Accuracy Exponentiation in UCS and its Effect on Voting Margins

Tim Kovacs, Edakunni Narayanan, Brown Gavin

Research output: Chapter in Book/Report/Conference proceedingConference Contribution (Conference Proceeding)

Abstract

UCS is a a Learning Classifier System (LCS) which evolves condition-action rules for supervised classification tasks. In UCS the fitness of a rule is based on its accuracy raised to a power $\nu$, and this fitness is used in both the search for good rules (via a genetic algorithm) and in a classification vote. We trace the origin of the UCS fitness function through three successive versions of the XCS accuracy function, for which we present previously unpublished details and rationales. Through numerical examples and empirical studies we demonstrate that $\nu$ tunes both selective pressure in genetic search and the voting margin in classification, and demonstrate that $\nu$ (or some alternative) is necessary for both. We appeal to margin theory to explain the effect on classification and so connect the LCS field with ensemble systems, and we suggest $\nu$ might be useful as a noise-correction parameter. We argue that the design of fitness functions has always been the central difficulty for Michigan LCSs and that better understanding can help both parameterisation of existing algorithms and development of new ones.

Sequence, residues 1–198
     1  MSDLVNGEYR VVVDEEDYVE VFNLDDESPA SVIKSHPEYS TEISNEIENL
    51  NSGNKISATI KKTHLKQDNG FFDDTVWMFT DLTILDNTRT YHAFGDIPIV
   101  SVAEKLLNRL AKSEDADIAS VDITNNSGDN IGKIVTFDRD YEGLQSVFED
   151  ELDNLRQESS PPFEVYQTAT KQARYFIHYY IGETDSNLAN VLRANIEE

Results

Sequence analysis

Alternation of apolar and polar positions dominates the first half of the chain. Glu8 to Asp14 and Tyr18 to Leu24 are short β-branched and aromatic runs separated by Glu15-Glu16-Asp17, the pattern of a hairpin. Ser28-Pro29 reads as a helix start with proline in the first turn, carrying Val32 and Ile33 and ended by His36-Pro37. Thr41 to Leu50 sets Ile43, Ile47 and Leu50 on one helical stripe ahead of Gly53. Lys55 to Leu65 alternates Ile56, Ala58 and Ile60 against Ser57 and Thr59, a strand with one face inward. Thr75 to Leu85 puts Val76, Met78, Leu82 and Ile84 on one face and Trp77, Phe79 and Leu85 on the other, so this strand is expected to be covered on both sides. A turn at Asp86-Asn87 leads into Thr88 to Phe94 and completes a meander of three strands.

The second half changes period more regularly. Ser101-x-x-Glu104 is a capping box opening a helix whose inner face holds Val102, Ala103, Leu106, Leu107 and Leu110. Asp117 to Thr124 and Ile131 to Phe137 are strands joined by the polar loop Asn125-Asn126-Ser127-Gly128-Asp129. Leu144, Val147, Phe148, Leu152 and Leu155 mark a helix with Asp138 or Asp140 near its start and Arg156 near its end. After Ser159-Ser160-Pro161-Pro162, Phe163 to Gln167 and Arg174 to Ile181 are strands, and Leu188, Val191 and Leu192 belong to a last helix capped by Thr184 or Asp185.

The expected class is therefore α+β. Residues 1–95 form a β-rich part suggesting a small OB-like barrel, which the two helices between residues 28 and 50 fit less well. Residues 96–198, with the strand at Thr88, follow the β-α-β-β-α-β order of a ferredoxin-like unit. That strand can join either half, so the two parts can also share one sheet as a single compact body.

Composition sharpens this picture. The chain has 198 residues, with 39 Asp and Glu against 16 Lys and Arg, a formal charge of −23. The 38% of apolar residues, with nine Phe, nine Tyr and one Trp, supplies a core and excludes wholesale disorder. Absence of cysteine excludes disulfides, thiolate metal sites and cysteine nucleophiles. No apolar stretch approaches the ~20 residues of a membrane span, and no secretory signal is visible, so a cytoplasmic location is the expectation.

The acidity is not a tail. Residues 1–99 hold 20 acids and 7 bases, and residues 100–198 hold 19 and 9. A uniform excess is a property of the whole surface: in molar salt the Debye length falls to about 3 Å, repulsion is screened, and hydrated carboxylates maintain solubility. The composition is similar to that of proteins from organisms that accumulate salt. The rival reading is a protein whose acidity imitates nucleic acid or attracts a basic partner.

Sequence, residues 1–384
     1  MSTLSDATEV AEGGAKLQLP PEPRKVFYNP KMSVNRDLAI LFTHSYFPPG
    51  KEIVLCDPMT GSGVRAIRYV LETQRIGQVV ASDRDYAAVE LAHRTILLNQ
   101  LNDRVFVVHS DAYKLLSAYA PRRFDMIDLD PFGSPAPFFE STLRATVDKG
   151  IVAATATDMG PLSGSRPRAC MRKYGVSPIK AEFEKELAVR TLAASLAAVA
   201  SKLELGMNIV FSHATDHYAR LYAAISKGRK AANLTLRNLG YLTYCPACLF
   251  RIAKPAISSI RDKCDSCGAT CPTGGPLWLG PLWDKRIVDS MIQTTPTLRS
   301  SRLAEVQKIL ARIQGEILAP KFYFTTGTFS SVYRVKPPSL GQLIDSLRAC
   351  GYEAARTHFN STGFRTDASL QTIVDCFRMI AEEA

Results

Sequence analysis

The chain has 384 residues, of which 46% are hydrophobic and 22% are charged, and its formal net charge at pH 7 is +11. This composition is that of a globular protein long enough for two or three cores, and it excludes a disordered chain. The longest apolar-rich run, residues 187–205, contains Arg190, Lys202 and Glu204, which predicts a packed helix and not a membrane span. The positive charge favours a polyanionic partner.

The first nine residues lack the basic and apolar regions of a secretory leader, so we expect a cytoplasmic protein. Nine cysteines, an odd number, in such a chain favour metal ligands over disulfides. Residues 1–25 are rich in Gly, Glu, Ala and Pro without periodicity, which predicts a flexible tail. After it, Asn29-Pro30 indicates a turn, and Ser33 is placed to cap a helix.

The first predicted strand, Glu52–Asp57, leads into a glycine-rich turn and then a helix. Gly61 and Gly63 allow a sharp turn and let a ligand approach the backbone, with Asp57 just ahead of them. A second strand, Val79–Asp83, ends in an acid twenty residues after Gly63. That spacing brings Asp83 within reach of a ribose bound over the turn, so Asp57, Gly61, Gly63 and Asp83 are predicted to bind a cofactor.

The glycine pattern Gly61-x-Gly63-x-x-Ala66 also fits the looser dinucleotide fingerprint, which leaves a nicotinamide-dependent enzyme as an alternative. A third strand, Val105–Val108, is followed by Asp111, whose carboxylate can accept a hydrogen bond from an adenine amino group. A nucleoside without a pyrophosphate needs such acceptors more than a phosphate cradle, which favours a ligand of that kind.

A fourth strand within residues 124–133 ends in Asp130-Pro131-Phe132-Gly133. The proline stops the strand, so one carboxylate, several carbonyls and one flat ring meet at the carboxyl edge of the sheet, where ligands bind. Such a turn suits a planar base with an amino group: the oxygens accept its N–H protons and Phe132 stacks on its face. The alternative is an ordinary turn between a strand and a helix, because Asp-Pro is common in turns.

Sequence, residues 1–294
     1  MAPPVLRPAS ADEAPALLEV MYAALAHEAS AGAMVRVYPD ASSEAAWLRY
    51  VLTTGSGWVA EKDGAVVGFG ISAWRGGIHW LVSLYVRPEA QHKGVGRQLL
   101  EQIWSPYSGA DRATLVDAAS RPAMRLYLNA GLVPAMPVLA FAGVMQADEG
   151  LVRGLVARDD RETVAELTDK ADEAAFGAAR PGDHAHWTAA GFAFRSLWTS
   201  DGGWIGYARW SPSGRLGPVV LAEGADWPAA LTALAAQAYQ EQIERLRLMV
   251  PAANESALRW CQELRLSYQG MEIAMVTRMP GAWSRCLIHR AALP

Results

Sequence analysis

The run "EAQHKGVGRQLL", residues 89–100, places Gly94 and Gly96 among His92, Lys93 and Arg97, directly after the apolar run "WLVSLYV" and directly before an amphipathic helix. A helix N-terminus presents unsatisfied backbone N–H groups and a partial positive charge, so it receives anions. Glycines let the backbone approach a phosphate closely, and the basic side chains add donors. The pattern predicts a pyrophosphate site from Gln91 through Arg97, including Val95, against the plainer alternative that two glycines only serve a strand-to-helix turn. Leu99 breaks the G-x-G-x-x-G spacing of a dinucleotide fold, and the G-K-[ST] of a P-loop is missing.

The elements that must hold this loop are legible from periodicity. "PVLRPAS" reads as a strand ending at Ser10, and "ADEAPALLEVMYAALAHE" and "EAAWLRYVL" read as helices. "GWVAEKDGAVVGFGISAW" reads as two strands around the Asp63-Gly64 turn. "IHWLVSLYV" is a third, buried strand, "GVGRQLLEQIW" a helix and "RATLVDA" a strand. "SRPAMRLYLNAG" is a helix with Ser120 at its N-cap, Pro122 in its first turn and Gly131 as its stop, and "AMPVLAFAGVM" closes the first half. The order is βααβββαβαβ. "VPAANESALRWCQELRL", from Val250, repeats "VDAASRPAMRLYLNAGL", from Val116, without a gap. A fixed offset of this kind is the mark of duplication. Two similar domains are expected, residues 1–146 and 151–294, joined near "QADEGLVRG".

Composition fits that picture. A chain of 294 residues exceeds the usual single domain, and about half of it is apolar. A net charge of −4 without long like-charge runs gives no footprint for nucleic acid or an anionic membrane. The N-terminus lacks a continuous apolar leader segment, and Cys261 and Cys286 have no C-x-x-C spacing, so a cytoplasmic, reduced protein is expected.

Translated title of the contributionAccuracy Exponentiation in UCS and its Effect on Voting Margins
Original languageEnglish
Title of host publicationThe 2011 Conference on Genetic and Evolutionary Computation
EditorsNatalio Krasnogor, Pier Luca Lanzi
PublisherAssociation for Computing Machinery (ACM)
Pages1243 - 1250
Edition-
ISBN (Print)9781450305570
Publication statusPublished - 2011

Bibliographical note

Conference Proceedings/Title of Journal: Proceedings of the 2011 Conference on Genetic and Evolutionary Computation
Conference Organiser: Natalio Krasnogor and Pier Luca Lanzi
Other identifier: 2001376

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